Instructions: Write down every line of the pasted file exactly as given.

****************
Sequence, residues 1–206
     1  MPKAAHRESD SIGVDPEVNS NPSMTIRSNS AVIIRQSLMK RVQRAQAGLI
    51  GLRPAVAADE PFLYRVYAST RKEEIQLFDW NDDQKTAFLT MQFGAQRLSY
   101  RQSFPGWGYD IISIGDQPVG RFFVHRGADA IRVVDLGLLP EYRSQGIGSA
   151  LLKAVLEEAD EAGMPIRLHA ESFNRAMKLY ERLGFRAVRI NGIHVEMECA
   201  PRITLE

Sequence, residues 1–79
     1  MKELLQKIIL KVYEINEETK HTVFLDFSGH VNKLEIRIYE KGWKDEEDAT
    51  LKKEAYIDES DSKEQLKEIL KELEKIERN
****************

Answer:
Sequence, residues 1–206
     1  MPKAAHRESD SIGVDPEVNS NPSMTIRSNS AVIIRQSLMK RVQRAQAGLI
    51  GLRPAVAADE PFLYRVYAST RKEEIQLFDW NDDQKTAFLT MQFGAQRLSY
   101  RQSFPGWGYD IISIGDQPVG RFFVHRGADA IRVVDLGLLP EYRSQGIGSA
   151  LLKAVLEEAD EAGMPIRLHA ESFNRAMKLY ERLGFRAVRI NGIHVEMECA
   201  PRITLE

Sequence, residues 1–79
     1  MKELLQKIIL KVYEINEETK HTVFLDFSGH VNKLEIRIYE KGWKDEEDAT
    51  LKKEAYIDES DSKEQLKEIL KELEKIERN